Bob writes: "The industry will see strong franchise chains eat the weak — both franchisors and franchisees. There will be a much smaller pool of franchise applicants to recruit from, especially for startups. Since there is very little construction of new franchise buildouts, by next year, locations for expansion should be difficult to find, especially in the regions hit hardest by the recession. That, coupled with the fact that franchisees are going to be very careful about selecting the right location, will also cause growth to slow. This will result in franchisors becoming increasingly involved in the lending process as part of the "risk equation", especially if they want to obtain financing for their startup franchisees. This won't only be the smaller systems. We will see a lot of the bigger chains that partner with lenders. Franchise finance "captives" will begin to emerge with increasing frequency. "

We have started to see franchisors offering some financial assistance, but I am not sure that this is a trend. Be interesting to revisit this prediction in 8-12 months.

3. AUV just the start
Granville_Bean
I'll agree that a prospective Zee should AT LEAST know the AUV. Howver, that's no guarantee. After all, half the units do less than AUV. NONE of our stores do anywhere close to systemwide AUV simply because they are all in small markets. But then we didn't expect them to do AUV.

There can be tremendous store to store variation among even well run stores. A Zee who we know, his lowest volume store does 1/3 the volume of his highest voume store. Same owner and rotating managers. The lowest voume store is on the outskirts of a small town and located "along the side of the road".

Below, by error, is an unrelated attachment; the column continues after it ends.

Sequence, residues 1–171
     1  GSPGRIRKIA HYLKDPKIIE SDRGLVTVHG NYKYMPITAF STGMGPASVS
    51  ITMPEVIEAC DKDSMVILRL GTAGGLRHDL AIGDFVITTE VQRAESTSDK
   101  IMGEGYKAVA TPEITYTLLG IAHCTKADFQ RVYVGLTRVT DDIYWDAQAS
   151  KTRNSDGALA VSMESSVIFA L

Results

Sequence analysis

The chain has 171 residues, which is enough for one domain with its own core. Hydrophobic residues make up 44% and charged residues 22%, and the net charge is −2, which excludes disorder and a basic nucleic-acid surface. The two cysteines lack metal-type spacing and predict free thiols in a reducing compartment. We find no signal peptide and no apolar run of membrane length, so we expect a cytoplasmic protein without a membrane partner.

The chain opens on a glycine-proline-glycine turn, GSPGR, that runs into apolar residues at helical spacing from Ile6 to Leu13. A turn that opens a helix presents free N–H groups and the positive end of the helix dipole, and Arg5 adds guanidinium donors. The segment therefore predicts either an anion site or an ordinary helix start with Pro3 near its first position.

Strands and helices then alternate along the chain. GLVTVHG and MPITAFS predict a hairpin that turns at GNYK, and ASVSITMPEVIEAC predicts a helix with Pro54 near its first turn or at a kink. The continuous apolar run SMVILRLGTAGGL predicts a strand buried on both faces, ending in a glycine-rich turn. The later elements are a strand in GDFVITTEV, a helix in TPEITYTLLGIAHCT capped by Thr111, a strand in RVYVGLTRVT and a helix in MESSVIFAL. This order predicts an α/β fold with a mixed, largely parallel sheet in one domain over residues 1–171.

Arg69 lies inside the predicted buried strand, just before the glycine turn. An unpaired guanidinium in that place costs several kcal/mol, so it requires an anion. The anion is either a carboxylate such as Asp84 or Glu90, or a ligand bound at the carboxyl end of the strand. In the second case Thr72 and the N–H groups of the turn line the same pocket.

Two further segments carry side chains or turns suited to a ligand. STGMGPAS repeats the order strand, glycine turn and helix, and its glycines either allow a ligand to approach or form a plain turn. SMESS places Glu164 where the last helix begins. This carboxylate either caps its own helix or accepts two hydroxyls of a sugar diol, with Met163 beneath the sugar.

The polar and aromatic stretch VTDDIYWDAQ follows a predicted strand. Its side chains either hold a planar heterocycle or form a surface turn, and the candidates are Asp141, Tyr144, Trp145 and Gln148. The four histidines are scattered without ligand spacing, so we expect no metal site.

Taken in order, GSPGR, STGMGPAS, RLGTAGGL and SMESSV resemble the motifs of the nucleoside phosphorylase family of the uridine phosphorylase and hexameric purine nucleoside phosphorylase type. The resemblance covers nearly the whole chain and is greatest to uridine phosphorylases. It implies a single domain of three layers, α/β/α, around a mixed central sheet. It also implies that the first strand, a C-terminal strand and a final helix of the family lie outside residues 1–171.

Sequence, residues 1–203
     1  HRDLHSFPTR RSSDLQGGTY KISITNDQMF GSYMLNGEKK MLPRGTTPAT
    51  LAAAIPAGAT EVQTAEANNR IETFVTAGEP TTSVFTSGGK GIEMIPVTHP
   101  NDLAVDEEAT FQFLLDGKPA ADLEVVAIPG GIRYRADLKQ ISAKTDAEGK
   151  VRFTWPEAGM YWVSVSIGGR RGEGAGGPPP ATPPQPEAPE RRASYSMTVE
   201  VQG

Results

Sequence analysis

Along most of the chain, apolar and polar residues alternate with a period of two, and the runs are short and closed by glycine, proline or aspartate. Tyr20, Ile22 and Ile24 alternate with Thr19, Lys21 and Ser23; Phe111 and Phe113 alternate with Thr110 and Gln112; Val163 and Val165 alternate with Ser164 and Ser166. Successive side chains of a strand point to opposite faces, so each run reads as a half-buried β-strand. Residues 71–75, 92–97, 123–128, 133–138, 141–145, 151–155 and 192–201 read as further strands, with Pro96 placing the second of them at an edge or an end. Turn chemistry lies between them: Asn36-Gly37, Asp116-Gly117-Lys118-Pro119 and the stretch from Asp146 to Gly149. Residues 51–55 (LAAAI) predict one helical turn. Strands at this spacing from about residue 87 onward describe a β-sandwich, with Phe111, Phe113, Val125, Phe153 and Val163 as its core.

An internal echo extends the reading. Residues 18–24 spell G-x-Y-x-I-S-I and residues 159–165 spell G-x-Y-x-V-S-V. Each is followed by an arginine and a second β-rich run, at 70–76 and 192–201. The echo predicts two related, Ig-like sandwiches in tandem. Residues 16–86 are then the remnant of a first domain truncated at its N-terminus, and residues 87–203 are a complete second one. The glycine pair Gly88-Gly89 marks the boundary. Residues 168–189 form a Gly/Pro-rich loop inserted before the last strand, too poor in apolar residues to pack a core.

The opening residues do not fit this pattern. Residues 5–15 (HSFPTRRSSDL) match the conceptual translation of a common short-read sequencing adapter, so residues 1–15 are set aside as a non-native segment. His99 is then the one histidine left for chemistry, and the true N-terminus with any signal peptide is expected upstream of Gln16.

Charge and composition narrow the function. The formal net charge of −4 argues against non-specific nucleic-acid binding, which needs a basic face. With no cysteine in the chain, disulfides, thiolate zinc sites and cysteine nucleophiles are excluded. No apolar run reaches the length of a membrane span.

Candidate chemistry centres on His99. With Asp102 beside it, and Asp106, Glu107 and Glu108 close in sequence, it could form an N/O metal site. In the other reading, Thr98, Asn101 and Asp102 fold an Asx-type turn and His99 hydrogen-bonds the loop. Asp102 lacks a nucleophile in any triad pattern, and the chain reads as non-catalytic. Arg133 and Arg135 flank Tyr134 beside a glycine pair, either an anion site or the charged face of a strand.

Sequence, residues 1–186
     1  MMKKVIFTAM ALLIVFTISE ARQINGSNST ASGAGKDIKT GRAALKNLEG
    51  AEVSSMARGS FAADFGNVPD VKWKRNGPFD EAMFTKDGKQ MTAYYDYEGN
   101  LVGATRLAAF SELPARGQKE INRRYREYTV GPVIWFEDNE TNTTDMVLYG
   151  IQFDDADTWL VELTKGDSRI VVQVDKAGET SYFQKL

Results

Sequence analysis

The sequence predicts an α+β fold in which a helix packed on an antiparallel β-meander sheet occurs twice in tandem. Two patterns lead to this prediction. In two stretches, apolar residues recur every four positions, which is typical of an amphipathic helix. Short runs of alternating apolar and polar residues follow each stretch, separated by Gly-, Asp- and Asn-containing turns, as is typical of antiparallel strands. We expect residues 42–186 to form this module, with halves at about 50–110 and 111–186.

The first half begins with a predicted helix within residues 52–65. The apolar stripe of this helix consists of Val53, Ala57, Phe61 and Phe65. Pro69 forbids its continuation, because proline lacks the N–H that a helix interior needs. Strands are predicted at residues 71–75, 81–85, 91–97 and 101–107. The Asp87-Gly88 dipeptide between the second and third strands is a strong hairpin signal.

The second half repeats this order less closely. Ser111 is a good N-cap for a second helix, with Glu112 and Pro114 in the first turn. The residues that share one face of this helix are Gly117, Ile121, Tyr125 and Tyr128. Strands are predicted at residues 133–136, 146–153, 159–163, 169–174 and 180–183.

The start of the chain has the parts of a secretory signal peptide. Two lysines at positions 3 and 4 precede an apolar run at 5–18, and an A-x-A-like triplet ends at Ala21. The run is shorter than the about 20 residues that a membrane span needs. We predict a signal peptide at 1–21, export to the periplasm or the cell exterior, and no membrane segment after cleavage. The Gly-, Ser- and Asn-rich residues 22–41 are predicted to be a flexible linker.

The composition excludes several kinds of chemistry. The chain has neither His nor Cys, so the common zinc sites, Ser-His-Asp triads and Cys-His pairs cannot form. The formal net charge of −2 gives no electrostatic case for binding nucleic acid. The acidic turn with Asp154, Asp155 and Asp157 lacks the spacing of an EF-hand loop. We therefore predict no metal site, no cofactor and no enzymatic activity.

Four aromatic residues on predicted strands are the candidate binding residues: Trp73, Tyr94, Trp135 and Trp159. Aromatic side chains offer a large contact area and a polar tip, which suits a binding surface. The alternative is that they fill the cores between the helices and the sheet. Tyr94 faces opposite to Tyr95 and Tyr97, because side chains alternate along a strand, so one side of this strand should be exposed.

The highest volume store is on the busiest suburban commercial corner in the area's biggest city, on the route that connects the power center that has the Walmart and Home Depot, with the nearby indoor mall that has the major brand department stores and the cinema complex.

AUV is just the start, but at least it's a start.

4. AUV
Bob Rodi
The point is not so much that one should expect to hit AUV once operations commence but that it is only reasonble to assume that a location won't exceed the AUV by some unbelieveable amount. If your expectations are "average" and a location turns out to be a homerun then that's great. If the location is below AUV, the pain it causes may be somewhat mitigated because sales are only off by 20% of projections instead of 75% of projections. From the standpoint of a lender, having a handle on the chain wide AUV allows for a more objective evaluation of the transaction. We should know the actual rent, cam, average food costs, labor costs, etc. If the deal can handle those expenses and produce enough cash flow to repay DS, then a much better lending decision is likely to be made. Prudent underwriting dictates that we look for some fall back resources in case the operator comes up short. How short is the $64MM question. That is where the "art" of doing the deal comes in to play.

5. AUV and Averages
michael webster

Bob writes: "The point is not so much that one should expect to hit AUV once operations commence but that it is only reasonble to assume that a location won't exceed the AUV by some unbelieveable amount. "

This is probably hard for the optimistic first time franchisee - you are average, nothing more. And more many systems, paying 7 points or more for the trademark and average sales is a very bad deal.

http://www.bluemaumau.org/lender_says_sba_liar_loans_problem


Brought to you by WikidFranchise.org

Risks: Comments on article are interesting, False earnings claims, Fraudulently inflated franchisee revenue figures, Government guaranteed loan program very attractive to fraud, Government guaranteed loans, Government guaranteed loans used a great deal in franchising, Government guaranteed loans: program loses $1, franchisee families lose $10, Liar Loans, Lending duty, Loan-broker fraud, Moral Hazard: a party insulated from risk behaves differently than if the full risk were present, Taxpayers end up paying for private gain, The game is rigged, U.S. Small Business Administration, SBA, Why should we care? It's not our money., United States, 20110923 Loan broker

Unless otherwise stated, the content of this page is licensed under Creative Commons Attribution-ShareAlike 3.0 License